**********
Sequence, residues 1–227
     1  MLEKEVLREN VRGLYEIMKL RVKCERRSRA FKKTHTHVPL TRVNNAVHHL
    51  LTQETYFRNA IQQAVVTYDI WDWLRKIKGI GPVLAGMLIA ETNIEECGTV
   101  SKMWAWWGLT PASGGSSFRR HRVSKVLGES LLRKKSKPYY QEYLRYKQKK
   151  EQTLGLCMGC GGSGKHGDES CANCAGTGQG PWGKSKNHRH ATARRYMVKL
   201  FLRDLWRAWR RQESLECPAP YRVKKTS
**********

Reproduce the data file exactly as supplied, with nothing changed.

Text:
Sequence, residues 1–227
     1  MLEKEVLREN VRGLYEIMKL RVKCERRSRA FKKTHTHVPL TRVNNAVHHL
    51  LTQETYFRNA IQQAVVTYDI WDWLRKIKGI GPVLAGMLIA ETNIEECGTV
   101  SKMWAWWGLT PASGGSSFRR HRVSKVLGES LLRKKSKPYY QEYLRYKQKK
   151  EQTLGLCMGC GGSGKHGDES CANCAGTGQG PWGKSKNHRH ATARRYMVKL
   201  FLRDLWRAWR RQESLECPAP YRVKKTS